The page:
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More in Community
Hebron Historical Society has a new home
NEW HOME — Robert Swift and Bruce Conant, of the Hebron Historical Society, stand on the town office porch. Over their shoulders is the new home of the society, where all of Hebron’s history will finally be together for future generations to view.
HEBRON — The Hebron Historical Society has never had a home.
According to Bruce Conant, president, Hebron’s artifacts and books are stored all around Maine.
“But not for long; we have a new home!” he said. “Forever we have had to use a back room at the Brighton Hill School and many items are stored at people’s homes, not necessarily in Hebron.”
Robert Swift, vice president and treasurer, agrees.
“We’ve also had to turn down items, like a piano,” he said. “There just was no place to put everything. We have some really great maps, books and family papers and we’ve really needed to put it all together in one place.”
But owning a new home for Hebron’s history came at a loss to all of its members.
“Richard Bedford was a longtime member of the historical society,” said Conant. “He suddenly passed away last summer and his daughter offered to sell us the house, as she knew that’s what he would have wanted.”
“Bedford was a veteran,” added Swift. “And he did considerable research into area cemeteries and related genealogy, with special works of veteran burial sites.”
Both men agree that the timing couldn’t have been better.
“We had been looking for a place for a few years now,” said the president. “Things just came right into play; it’s a perfect spot right here at the center of town, obvious to townspeople going by.”
Now the vigorous fundraising begins.
“We bought it, closed on it and now we’re in debt,” said Conant. “We currently have a three-year, interest-only loan and hope to pay it off in full before we have to start paying on the principal.”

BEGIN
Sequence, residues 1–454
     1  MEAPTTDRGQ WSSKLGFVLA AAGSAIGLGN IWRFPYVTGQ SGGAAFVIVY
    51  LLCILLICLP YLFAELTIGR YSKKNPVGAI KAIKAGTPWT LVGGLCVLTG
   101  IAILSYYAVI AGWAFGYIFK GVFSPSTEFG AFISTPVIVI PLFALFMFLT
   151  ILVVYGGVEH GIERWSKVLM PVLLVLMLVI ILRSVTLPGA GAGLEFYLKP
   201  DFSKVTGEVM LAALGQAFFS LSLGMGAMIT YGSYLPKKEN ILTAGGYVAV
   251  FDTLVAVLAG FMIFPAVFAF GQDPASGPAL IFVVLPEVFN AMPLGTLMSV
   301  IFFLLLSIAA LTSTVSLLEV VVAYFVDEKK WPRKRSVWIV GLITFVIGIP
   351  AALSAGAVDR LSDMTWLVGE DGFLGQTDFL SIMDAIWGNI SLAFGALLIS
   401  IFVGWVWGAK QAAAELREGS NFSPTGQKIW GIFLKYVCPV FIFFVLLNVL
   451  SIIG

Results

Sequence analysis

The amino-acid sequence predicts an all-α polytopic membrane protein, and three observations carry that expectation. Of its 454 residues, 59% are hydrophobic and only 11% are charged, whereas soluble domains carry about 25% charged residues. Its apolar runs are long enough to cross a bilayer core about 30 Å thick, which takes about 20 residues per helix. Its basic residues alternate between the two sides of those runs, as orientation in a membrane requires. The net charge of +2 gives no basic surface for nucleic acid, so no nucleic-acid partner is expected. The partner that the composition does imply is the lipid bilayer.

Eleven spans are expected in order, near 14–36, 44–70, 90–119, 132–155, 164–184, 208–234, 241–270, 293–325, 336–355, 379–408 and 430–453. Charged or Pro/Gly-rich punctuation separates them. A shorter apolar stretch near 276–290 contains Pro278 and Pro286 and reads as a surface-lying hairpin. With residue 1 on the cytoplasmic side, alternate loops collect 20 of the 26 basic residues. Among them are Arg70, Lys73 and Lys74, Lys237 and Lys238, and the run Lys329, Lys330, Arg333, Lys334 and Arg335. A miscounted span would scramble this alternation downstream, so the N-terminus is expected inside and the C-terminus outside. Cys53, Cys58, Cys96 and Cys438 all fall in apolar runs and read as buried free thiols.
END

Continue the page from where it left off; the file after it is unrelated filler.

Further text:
The total needed for the project is $50,000, which includes the purchase of the home, materials and labor to repair the building and a little extra for operating expenses.
“We’ve already gutted out the first floor,” said Swift. “And now we are in the process of electrical work and insulation. We plan on a display area on the first floor with a small room for research. And hopefully, a small area for local artisans to sell their wares.”
The upstairs will be used as office, storage and cataloging.
“It will be great to have everything up on the computer so things can be cataloged and people can look up family histories or know exactly where a document is located,” said the president.
“We’ve been led to believe when we have the space more items will come in,” added Swift. “One resident has already told us he has many items, plus once we have the space, we are hoping many will come forward with artifacts to either keep or have on loan.”
Fundraising has already begun.
“We started with a bake sale on election day,” said Conant. “People were so excited about the building … we even raised over $500; we couldn’t get enough food in the town office to sell.”
“Many people were just giving donations too,” Swift smiled. “They paid quite a bit for their cupcakes!”
A fundraising committee has been formed and upcoming events will include bottle drives, BBQ’s, suppers, auctions, telethons and even a Victorian Christmas tea.
The committee welcomes any and all ideas for raising money.
“We need pretty much everything actually,” said Swift. “We can use people to help with fundraisers, materials or labor on the building; anything to help us out we’d accept.”
Contributions can be made to the Hebron Historical Society, PO Box 294, Hebron, 04238; for credit card donations contact Daryel Duhaime at the Greenwood Mountain Inn, 966-2233. To join the historical society or help with fundraisers, contact Swift at 966-1076.